Have a Job Opportunity to Share? Here’s one in Seattle!

Now HiringWorld Relief Seattle is hiring an Employment Specialist.  Seattle!  Chihuly Glass. The Space Needle.  Pike Street Market.  Strong business and community partnerships.  Innovative refugee programs all over the place.  Cool.

This also got us to thinking that there might be more of you out there who have job opportunities at your office that you would like to share.

Send a link for your refugee employment job opening to information@higheradvantage.org and we’ll post them.

Reader Question: How Do You Create Unique Email and Phone Numbers for Each Client…

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Rachel joined CCSWOH in January new to resettlement work. Her job focuses on in-house job readiness classes and in-house short term vocational training

….even if the client isn’t computer literate and doesn’t have a phone?

Rachel Wiers, Employment Specialist at Catholic Charities Southwestern Ohio (CCSWOH) in Cincinnati needs a better solution for creating online applications that require a unique email address and phone number. She’s exhausted all of her team’s phone numbers.

The perfect solution is to spend enough time with each client to help them understand why and how they need to establish and monitor an email account. Rachel knows that, but it isn’t practical to make that happen every time, yet. Meanwhile clients need jobs.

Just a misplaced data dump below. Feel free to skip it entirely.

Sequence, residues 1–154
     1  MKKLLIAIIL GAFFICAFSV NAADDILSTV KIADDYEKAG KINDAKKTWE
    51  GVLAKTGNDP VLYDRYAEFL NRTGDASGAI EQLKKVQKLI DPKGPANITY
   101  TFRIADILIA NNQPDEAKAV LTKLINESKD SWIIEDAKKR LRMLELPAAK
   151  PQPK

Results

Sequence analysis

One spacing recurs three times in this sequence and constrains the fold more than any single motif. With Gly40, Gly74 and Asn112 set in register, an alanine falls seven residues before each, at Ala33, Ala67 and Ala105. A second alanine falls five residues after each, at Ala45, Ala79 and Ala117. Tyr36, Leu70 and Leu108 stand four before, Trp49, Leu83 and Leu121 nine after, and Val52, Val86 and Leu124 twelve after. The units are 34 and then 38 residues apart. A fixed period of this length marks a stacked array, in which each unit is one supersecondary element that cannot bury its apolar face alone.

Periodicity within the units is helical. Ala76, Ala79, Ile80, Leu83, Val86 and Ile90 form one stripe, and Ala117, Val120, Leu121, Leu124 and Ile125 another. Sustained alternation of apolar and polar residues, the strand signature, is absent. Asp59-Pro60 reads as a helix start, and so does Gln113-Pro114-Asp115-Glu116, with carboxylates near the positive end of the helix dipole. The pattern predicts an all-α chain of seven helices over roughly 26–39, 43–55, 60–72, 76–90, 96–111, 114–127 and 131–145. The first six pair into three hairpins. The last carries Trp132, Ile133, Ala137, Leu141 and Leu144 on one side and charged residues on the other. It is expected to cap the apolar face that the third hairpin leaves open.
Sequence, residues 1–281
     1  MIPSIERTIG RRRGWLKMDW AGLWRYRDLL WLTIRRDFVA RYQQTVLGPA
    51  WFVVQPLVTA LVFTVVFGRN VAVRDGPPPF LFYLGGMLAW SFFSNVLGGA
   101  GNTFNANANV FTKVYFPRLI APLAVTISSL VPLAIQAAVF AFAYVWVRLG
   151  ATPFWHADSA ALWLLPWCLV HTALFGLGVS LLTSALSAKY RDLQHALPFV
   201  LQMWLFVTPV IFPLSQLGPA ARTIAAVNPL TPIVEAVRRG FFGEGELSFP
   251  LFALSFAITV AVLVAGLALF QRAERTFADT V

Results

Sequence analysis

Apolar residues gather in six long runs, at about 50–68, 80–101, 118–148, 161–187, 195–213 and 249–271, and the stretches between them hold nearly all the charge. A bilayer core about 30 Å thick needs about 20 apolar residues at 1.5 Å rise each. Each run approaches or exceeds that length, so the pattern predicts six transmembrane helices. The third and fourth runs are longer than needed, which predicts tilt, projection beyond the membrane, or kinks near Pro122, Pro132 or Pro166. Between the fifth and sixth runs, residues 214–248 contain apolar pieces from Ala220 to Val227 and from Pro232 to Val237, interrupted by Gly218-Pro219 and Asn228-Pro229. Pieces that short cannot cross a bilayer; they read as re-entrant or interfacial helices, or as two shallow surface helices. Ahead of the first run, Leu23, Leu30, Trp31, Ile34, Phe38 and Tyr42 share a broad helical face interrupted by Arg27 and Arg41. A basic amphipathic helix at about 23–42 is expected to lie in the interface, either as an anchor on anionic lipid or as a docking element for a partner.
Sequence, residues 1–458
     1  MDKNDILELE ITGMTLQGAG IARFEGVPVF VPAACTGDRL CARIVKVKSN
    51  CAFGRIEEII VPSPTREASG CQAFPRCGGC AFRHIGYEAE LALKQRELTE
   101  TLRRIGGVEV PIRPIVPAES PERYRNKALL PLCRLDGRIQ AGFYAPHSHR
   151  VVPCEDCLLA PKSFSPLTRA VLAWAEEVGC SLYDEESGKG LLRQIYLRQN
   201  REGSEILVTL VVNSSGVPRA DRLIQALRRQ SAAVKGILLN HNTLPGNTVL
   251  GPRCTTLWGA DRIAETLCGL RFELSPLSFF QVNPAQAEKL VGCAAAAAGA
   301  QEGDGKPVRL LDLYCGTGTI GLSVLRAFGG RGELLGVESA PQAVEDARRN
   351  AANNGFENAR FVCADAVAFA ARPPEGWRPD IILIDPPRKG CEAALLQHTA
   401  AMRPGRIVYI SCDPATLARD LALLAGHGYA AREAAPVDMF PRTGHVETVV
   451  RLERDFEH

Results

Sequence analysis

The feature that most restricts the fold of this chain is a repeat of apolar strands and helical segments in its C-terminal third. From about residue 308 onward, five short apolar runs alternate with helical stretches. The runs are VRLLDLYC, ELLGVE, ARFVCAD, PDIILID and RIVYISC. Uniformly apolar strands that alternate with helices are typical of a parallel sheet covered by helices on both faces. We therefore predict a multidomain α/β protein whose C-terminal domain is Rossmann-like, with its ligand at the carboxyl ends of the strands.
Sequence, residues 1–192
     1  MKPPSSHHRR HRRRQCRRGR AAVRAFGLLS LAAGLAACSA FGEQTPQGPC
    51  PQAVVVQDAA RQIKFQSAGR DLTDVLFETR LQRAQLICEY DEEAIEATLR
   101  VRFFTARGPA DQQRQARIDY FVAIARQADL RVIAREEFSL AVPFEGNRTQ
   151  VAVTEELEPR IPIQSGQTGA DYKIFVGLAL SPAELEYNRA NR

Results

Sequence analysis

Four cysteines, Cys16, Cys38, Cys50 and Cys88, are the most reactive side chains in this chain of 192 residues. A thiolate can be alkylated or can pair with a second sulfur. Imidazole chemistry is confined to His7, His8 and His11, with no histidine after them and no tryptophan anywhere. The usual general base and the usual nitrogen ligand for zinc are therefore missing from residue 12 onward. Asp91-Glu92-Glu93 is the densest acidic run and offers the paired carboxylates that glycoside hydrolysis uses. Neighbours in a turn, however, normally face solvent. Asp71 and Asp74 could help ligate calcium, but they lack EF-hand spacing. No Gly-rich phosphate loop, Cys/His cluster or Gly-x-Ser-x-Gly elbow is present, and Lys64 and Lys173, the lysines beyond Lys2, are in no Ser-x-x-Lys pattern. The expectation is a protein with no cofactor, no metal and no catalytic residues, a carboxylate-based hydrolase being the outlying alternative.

I know this is a common problem because I had the same one. Instead of solving it, there’s a trail of blueunicorns@… email addresses on every free email service out there.

I know our network has better solutions than this. Please help Rachel with your advice by commenting on this blog post or by email at information@higheradvantage.org.

 

4 (Free) Productivity Tools for the Busy Job Developer

A guest post you won’t want to miss from Higher Peer Advisor Stephen Johnson

Our work is stressful. When every hour counts, saving a few minutes goes a long way. The number of productivity tools and applications (apps) out there is overwhelming.

How do we find the programs that actually support our work? Luckily, I’ve road-tested a few of them so you don’t have to. Here are my top four picks.

Screen Shot 2016-06-02 at 1.52.46 PM1. Google Voice 

You’re familiar with Google products (Docs, Slides, Calendar). But, have you heard of Google Voice?

With Voice you create a unique phone number for use on most mobile devices. This means you can have two phone numbers on the same phone. You can call or text from each separate number using the Google Voice app.

With this app, you no longer have to carry a separate work phone and still maintain some boundaries with clients and your personal life.

For job development, you can set it to see text and voice messages in your email to speed up your response time when you’re at your desk.

For anyone with an out-of-state area code, you can use a local number to cold call employers. Why not find 202-555-JOBS or the equivalent in your area?

Keep in mind that Voice app is free, but you’ll still pay for calls and data usage on your existing phone plan

2. SlyDial   Screen Shot 2016-06-02 at 1.50.58 PM

How many times have you wanted to leave a voicemail for someone without actually having to talk to them? Here you are.